Surviving My Flood of 2022

David and his wife smiling from a simulated space station

This is the month that I mark 12 years as a brain injury survivor. Twelve years since the day everything changed. Twelve years since the day I survived being hit by a car. The memories of twisted metal, shattered glass, and a broken body rise less frequently, but they do come at times, unbidden, a reminder of all I have been through.

These “crash anniversaries” have pushed me to reflect; it’s hard not to look back at the “before and after” chapters of my life — sifting, shuffling, and reinterpreting the contents of each. I still mourn the loss of my old life and lament the disappearance of precious loved ones who walked out of my life, unable to understand or accept that with brain injury comes personality changes. For all of us, I was no longer who I once was.

But, this year feels different. I’ve been much less introspective, much less interested in comparing life today to what it used to be. I think this year is the healthiest crash anniversary I’ve ever had, in large part, I believe, because I spend less and less time looking back. These days, life is pretty okay. Learning mindfulness over the last couple of years has definitely helped me to better see life through the prism of now, instead of yesterday or tomorrow. 

The brain injury life is now familiar. It comes with quirks and oddities, sure. But for the most part, I’m okay with it. Not taking things too seriously took me years to master, but it certainly beats fighting what I can’t change. Humor and acceptance go a long way.

But, even after 12 years, I am still learning and discovering new things about how TBI affects my day-to-day life. Last month, my wife, Sarah, and I were fortunate enough to take a vacation. Like so many others our age who steadfastly refuse to grow up, we went to Disney World. In the midst of the mouse ears and happy families, I had a moment, an unexpected in-your-face reminder that I’m still compromised.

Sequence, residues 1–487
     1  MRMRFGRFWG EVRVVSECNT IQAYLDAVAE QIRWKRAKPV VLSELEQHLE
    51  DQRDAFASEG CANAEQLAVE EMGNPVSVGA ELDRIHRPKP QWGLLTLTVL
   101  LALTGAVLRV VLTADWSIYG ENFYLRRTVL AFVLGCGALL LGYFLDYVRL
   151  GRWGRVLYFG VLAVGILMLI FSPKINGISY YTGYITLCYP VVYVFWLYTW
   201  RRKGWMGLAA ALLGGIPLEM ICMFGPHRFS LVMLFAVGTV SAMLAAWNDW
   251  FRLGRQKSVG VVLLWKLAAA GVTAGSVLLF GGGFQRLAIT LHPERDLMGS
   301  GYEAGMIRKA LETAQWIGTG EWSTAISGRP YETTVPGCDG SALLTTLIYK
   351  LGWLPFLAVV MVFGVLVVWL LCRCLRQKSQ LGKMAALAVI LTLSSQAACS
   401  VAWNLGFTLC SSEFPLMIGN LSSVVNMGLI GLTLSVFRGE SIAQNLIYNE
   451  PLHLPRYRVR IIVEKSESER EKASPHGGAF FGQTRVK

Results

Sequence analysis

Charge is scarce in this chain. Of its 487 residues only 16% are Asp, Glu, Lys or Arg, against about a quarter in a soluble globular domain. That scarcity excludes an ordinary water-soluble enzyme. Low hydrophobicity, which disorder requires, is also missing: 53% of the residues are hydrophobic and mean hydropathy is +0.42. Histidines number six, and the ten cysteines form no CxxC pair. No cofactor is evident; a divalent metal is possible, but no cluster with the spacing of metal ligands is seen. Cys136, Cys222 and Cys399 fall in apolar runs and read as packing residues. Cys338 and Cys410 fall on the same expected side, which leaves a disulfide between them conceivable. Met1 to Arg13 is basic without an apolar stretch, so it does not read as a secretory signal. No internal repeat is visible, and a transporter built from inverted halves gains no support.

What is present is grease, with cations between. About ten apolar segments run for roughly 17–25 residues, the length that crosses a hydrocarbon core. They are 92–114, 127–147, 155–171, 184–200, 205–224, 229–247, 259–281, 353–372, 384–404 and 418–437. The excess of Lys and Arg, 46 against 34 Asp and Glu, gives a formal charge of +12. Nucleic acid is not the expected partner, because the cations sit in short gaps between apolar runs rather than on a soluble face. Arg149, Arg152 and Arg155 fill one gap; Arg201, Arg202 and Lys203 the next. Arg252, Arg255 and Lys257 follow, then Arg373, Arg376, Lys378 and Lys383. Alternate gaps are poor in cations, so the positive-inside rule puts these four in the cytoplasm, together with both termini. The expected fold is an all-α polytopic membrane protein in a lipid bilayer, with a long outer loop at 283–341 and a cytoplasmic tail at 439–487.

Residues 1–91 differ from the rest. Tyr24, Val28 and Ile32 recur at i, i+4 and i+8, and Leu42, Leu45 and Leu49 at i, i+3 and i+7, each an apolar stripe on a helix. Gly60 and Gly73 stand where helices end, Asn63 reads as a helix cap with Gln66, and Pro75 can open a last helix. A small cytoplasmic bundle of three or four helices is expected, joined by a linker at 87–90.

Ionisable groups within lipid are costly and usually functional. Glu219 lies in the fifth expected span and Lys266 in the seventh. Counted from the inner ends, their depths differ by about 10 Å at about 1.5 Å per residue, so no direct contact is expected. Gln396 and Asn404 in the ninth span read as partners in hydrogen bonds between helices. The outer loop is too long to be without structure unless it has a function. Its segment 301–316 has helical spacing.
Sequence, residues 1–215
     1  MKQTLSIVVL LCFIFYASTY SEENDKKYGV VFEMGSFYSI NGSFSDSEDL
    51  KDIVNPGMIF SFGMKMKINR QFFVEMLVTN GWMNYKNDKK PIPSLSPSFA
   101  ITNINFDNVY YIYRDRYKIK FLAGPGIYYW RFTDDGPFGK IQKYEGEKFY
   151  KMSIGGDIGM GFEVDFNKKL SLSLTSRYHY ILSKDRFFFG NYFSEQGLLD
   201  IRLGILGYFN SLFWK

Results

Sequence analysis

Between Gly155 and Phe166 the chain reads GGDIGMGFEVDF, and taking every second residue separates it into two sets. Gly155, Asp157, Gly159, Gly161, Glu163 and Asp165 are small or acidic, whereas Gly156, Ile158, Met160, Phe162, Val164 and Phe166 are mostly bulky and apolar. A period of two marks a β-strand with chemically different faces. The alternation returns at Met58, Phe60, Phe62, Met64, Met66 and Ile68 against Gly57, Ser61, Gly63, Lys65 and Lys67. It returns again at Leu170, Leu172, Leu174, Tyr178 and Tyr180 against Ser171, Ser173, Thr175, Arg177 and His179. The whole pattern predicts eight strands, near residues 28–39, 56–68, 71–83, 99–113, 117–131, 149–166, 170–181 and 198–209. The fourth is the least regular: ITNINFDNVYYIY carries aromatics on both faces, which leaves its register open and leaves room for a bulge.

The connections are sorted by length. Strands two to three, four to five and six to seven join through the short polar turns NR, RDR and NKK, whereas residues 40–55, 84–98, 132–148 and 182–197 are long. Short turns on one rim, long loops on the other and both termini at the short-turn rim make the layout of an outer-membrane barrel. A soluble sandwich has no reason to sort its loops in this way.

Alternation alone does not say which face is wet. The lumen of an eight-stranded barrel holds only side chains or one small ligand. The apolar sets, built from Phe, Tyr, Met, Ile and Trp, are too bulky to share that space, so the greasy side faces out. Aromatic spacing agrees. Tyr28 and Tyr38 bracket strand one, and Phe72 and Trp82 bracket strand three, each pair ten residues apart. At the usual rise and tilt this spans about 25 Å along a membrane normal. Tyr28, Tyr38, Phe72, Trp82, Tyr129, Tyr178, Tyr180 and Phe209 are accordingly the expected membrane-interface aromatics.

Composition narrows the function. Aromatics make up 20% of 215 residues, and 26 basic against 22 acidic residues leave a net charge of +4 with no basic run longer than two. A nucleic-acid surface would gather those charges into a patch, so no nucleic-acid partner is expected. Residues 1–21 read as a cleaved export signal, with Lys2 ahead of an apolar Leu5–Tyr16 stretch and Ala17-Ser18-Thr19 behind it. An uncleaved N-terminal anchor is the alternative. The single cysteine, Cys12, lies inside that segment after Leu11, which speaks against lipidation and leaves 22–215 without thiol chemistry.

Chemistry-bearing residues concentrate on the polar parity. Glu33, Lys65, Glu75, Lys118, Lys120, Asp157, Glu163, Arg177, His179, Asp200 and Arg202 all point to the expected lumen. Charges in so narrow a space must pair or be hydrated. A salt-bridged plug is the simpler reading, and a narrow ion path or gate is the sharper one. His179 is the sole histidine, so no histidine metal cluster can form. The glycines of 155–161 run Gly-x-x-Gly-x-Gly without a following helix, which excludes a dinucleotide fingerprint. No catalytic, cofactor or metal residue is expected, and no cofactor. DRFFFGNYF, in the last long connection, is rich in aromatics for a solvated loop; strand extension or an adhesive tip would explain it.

One of the newest attractions at Disney is actually a restaurant — Space 220, which simulates dining on a space station. As only the Imagineers at Disney can do, the experience is stunningly realistic. A simulated elevator ride up seven miles into space ends with a short walk to the dining room. Window walls 25-feet tall show the earth far below. Random astronauts float by weightlessly. It was incredibly realistic and all-encompassing. Gazing in wonder at the earth below, I lost it. It was like every emotional barrier and every restraint inside me lifted all at once. Tears filled my eyes. I was completely unable to speak and so overloaded and over-stimulated that all I could do was sit there and let it wash over me. 

Seated at our table, Sarah was completely unaware of what was happening to me until our eyes met. Well experienced from living with me, she knew just to wait and to be there. She understood that whatever “it” was, would pass. 

Here’s where the learning comes in. Early on in my recovery, I would have called that kind of intensely emotional experience a meltdown, but that is not really a good description. I was actually experiencing what is called “emotional flooding” — something I only heard about a couple of years ago. Fortunately, I’ve learned that no matter how my brain injury may be affecting me in the moment, it will always pass. And, as expected, the emotional floodwaters receded and we were both able to fully appreciate the immersive experience — and our dinner.

I no longer assign good or bad attributes to events like this in my life. Things are things. But I can say that being able to feel so deeply, at almost a primal level, is a gift — a surprising and strange gift, maybe, but a gift nevertheless. I was more than present in that moment gazing at the “earth” from “space”; I was overly present. While this may make no sense to some, others will be undoubtedly nodding right now, having experienced similar events. 

And now I begin year 13. I have no expectations; I only hope to live my best life possible. So far, so good.